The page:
VOL. 132 | NO. 74 | Thursday, April 13, 2017
Money Behind New Zoo Parking Terms
By Bill Dries
In the third attempt to bring an end to the Overton Park Greensward controversy last summer, Memphis City Council member Bill Morrison decided it was best not to try to reach agreement on all points, but on most points.
The plan to end zoo overflow parking on the Overton Park Greensward took another turn Tuesday, April 11, with a new compromise calling for a June deadline to raise $3.3 million for a new expanded zoo parking lot and smaller parking spaces on the new lot.
(Daily News File/Andrew J. Breig)
The goal was to come up with a plan that would make talks on the sticking points possible later.
It looked like that strategy had worked, as trained legal mediators and Memphis Mayor Jim Strickland had not been able to get the Memphis Zoo and Overton Park Conservancy together.
Nine months later, the council re-opened the compromise Tuesday, April 11, to settle the key points that weren’t settled last summer.
That was after the zoo refused to turn over its half of $500,000 raised for design work on the zoo’s reconfigured and expanded parking lot. It also won’t use some of its parking revenue stream to pay the total cost of design and construction.
Zoo president Chuck Brady told the council Tuesday that the zoo has raised $1.75 million – its share of the total estimated project cost, design and construction.
“It was always assumed that the Overton Park Conservancy would do the same and it didn’t,” Brady said. “We expect the compromise project to go forward as it was designed in the council resolution. Not any changes in financing. Not any changes in scope.”
OPC board chairman Eric Barnes, who is also publisher of The Daily News, said the July agreement didn’t set percentages of how much the zoo and OPC would contribute to the cost of the project. It’s an interpretation some council members shared Tuesday, including Worth Morgan, who said if there was a new requirement to put up all of the funding sooner, he also wanted to change the size of the parking spaces.
“We had hoped there would be revenue funding. We understand that’s off the table,” Barnes told council members Tuesday. “We understand what we’re doing is raising money for 50 percent of the construction. … We are fundraising now.”
The compromise worked out hours later by council member Reid Hedgepeth sets mid-June as the time when the total amount for design and construction of the parking lot with 415 more parking spaces is due from the zoo and OPC – either in cash or in pledges or other commitments from donors.
That compromise reversed the requirement made in July that the size of parking spaces would be 10 feet by 20 feet. The parking spaces will now be 9 feet by 19 feet.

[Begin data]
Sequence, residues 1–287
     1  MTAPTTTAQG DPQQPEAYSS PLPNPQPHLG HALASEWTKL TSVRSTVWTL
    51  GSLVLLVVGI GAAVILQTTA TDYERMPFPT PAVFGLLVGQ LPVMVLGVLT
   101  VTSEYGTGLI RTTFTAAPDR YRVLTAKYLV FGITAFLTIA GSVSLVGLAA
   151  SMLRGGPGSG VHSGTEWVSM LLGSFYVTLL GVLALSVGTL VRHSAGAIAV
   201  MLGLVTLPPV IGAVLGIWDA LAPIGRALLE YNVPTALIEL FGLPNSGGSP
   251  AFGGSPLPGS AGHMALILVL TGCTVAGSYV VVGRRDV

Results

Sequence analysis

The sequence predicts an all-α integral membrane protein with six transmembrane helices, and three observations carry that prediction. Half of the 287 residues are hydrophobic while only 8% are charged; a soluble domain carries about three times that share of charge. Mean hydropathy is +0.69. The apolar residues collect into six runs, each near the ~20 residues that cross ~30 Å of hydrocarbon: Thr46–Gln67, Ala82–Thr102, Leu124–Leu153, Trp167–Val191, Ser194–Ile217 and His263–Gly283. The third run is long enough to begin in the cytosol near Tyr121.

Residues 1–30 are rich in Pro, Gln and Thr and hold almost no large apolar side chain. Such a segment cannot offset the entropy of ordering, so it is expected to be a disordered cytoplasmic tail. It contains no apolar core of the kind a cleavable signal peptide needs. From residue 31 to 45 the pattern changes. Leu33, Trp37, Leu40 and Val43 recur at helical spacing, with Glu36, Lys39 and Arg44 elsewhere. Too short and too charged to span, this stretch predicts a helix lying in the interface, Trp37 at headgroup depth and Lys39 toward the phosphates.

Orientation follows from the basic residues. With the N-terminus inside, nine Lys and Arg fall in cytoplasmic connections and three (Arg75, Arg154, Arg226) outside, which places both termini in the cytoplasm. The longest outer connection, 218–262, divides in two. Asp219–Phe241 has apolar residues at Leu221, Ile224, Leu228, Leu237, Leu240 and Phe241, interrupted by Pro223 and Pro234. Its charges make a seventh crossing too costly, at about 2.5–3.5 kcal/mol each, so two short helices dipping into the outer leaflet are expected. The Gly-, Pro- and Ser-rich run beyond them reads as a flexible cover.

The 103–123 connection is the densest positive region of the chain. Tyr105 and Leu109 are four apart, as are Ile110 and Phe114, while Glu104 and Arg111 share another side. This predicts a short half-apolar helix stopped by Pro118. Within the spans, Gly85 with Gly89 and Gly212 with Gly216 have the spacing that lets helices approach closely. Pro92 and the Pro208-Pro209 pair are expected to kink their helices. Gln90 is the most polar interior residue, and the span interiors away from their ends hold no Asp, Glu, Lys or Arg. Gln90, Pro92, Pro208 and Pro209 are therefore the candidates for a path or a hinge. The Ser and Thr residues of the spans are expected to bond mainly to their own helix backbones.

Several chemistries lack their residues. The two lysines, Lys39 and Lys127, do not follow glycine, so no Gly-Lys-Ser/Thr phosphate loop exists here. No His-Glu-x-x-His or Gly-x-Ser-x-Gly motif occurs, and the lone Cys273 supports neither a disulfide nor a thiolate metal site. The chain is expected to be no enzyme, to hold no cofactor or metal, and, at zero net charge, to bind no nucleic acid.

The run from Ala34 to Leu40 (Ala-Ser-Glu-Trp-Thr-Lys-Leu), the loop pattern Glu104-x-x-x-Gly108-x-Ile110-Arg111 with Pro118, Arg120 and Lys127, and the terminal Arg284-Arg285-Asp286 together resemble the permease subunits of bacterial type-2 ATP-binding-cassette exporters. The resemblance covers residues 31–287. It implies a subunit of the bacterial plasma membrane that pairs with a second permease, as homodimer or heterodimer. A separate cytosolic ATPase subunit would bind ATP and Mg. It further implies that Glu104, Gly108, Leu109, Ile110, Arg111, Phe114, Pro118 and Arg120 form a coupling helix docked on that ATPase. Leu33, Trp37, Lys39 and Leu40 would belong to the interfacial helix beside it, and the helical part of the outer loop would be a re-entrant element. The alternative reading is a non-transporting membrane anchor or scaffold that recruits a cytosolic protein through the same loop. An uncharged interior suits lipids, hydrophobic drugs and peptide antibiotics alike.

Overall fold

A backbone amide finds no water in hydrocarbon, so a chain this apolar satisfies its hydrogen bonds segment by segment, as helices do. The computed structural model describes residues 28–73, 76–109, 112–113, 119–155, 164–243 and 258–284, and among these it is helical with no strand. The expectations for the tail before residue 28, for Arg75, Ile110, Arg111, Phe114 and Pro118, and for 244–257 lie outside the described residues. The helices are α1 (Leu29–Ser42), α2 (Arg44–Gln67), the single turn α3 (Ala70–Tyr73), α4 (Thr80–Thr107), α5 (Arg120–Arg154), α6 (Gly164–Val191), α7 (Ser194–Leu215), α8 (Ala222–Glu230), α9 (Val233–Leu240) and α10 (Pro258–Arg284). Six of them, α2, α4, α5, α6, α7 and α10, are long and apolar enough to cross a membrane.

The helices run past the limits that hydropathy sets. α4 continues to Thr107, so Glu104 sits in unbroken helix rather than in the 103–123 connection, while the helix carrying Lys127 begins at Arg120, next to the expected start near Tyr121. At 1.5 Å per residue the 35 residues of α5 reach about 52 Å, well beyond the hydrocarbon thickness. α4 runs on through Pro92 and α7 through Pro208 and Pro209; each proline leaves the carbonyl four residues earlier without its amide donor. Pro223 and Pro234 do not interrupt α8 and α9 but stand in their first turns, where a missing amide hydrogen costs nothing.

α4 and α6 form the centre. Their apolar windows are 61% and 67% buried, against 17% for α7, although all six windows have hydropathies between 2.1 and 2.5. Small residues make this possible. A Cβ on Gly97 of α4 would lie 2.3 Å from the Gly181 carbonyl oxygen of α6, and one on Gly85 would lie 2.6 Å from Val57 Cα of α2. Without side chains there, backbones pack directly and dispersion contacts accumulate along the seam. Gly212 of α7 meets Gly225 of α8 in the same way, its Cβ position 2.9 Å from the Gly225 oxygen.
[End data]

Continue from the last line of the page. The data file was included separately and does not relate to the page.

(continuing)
“I didn’t specify because quite honestly I didn’t think the money was a problem,” Hedgepeth said of the general terms in July about what the cost shares would be and when they would be due. “I thought they already had the money in place – both sides.”
He and Morgan said the July compromise also failed to predict the enduring mistrust between the OPC and the zoo.
Overton Park is again at its spring peak of park visitors and zoo patrons. The zoo drew large crowds this past weekend, and put overflow parking on the greensward, as zoo patrons came to see the zoo’s new baby hippo, which went on public display Saturday. The zoo parking patrol of volunteers offered free parking in the neighborhood west of the park until all of the on-street parking in the neighborhood was used.
Council member Kemp Conrad questioned Barnes closely Tuesday about the new terms for the parking lot.
“It’s not a skyscraper. It’s a parking lot,” he said at one point, adding some misgivings that “this is never going to end.”
“It’s irresponsible not to have the costs and plans to raise the funding,” Barnes told the council. “That’s not a good way to raise money.”
But he also acknowledged that the smaller parking spaces would make fundraising easier for the conservancy, and ultimately agreed to move ahead with the compromise. Brady also accepted the new terms.
The zoo wanted the larger parking spaces and refused to entertain any change to them earlier this year. Parking spaces measuring 10 feet by 20 feet would have taken up an extra acre of greensward space in a plan whose ultimate goal is to end decades of zoo overflow parking on the greensward by 2019.
The smaller parking spaces will still mean some encroachment on the western and northern borders of the greensward, with a berm and trees separating the newly defined greenspace from the new parking lot.
Daily News publisher Eric Barnes is Overton Park Conservancy board chairman. He did not participate in the reporting or editing of this story.